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Wedding Ceremonies – Spiritual (not religious)

Updated: Sep 1, 2020


In a multi-cultural, multi-faith society such as South Africa, many people now wish to have a spiritual wedding ceremony, rather than one that follows a particular religious tradition. A spiritual ceremony can be made appropriate for the couple and their community, no matter what religious or faith-based background they are from, or indeed, if they do not subscribe to any religion.

People are marrying across religious groups and also wish to have a ceremony that represents who they are today, rather than the religious tradition (if any) they were born into. A spiritual ceremony can also be a way to bring traditions from each couple’s religious background into the ceremony, and weave them together into something as unique as the couple themselves.


Most traditions include contemplation or moments of quiet, in order to allow our sense of self to release, and connect with the present moment, or the higher power that we believe in. A ceremony can therefore be started in this way:

To begin, let’s first connect with this moment, so that we are fully present and can recognise the sacred nature of this special ceremony for ___________ and _________. When we become more mindful of the present moment, it can feel like slowing down time, giving us the opportunity to savour it fully.

  1. Bringing your hands to your lap, and your feet onto the earth.

  2. Taking a deep breath in, and allowing it to flow out, relaxing your face, and shoulders and body.

  3. Connecting with this beautiful place, the sounds, sights and smells, the earth beneath, the warmth of the sun, and the vast space above you.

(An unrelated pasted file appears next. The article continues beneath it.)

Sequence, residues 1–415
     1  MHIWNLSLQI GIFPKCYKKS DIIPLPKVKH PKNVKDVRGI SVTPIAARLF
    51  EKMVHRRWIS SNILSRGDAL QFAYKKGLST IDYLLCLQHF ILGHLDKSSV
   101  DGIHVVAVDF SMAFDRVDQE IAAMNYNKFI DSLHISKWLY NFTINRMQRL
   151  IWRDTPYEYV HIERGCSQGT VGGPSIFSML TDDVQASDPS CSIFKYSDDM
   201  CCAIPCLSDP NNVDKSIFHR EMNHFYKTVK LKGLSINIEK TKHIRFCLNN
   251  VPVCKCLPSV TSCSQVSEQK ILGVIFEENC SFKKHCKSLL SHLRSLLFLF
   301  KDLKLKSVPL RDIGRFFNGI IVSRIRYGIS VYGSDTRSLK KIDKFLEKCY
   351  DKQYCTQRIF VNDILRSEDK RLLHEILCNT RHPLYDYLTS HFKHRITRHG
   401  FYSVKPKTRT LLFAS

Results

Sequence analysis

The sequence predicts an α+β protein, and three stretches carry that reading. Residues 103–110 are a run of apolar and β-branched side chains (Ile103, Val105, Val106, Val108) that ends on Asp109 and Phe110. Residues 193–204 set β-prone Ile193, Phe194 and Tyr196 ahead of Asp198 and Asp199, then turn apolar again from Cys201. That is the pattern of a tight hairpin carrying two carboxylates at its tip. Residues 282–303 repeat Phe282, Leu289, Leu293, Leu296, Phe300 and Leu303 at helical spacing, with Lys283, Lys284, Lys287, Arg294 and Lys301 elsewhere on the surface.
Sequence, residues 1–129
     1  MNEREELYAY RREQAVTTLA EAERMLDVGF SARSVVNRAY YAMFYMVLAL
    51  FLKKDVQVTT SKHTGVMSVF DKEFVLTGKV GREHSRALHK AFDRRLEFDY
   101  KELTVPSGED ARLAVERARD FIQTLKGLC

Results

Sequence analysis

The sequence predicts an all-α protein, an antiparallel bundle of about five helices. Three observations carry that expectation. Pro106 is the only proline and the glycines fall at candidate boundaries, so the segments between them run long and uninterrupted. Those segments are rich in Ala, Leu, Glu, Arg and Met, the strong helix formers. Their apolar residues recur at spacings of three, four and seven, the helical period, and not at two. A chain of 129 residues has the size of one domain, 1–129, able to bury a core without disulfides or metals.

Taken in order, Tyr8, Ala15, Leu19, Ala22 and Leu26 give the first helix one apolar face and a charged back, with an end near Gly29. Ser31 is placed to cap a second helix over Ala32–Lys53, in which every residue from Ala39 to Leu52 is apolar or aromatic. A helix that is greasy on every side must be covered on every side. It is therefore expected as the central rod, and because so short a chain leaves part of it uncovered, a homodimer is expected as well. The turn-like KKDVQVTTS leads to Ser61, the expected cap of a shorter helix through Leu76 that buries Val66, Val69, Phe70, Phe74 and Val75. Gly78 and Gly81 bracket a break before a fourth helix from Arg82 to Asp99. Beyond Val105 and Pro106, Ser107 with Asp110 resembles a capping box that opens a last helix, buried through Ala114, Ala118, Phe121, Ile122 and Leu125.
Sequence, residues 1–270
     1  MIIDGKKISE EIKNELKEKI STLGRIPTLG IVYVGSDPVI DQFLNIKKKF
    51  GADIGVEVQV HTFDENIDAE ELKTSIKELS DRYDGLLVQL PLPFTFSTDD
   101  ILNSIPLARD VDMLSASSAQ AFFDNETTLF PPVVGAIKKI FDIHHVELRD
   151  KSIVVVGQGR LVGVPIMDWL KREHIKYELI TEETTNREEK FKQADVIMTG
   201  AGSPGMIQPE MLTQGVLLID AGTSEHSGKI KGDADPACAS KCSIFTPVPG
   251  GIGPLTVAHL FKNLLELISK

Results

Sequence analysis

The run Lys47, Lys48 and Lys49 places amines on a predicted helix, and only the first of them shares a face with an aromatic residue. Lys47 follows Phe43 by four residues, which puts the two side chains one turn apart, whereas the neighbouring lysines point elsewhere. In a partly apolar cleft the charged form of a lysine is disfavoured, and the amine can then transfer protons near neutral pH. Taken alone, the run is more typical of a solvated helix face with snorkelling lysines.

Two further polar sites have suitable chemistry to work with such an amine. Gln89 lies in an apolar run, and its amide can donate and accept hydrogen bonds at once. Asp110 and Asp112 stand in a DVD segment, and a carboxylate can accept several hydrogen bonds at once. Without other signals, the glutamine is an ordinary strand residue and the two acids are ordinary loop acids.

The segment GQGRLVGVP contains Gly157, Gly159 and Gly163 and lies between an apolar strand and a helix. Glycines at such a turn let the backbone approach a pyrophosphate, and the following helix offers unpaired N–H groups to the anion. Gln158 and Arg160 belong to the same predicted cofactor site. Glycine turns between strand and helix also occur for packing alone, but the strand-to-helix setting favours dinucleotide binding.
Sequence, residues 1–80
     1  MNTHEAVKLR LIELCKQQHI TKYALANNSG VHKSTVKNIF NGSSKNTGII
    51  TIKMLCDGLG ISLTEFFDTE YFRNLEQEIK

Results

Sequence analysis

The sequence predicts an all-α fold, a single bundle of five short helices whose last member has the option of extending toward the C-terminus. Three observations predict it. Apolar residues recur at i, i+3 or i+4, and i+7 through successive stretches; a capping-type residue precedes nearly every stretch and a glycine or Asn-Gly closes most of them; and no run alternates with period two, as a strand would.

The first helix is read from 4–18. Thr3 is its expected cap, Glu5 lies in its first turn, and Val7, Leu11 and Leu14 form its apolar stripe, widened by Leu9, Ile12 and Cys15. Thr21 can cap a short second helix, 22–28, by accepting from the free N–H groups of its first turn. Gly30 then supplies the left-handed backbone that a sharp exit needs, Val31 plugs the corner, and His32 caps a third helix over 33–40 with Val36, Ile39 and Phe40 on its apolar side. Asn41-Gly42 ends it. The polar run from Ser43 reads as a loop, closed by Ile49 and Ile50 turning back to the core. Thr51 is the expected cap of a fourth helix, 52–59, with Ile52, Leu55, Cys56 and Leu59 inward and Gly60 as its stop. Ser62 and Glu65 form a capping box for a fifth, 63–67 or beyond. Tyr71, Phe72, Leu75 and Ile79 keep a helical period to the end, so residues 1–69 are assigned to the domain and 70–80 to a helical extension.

We can think of spirituality as an individual’s search for meaning in life, for wholeness, peace and harmony. It is a biological and integral aspect of being human. Spirituality is also described as a way of being; an energizing force that propels individuals to become the best that they can be.

Most faiths, religions or spiritual traditions, rely on three pillars of support to help individuals reach their highest potential:

  1. Teacher – someone who inspires us, or who we aspire to be like, whether they are living or dead.

  2. Teachings – the guidelines or agreed rules by which we conduct ourselves, so that we can benefit from the experience of others, rather than making the same mistakes.

  3. Community of support to share the joys and sorrows of this human life, and this is why we gather to witness the marriage of ___________ and ___________.

At first, our spiritual growth is a solo journey where we get to know our own unique qualities and talents and realise that we can use them to bring benefit to the world around us. Later on, love itself is a spiritual practice, and a marriage provides the framework within which we can evolve.


The couple can choose quotations or poems that are particularly meaningful for them as individuals and in partnership. These can be read by the celebrant, family members or friends. The ceremony can also incorporate rituals, either taken from the couple’s different traditions, or created for the day to represent their unique union. In a marriage that unites couples of different cultures, a spiritual ceremony can be a way of honouring each person’s ancestry, without feeling constrained by the past.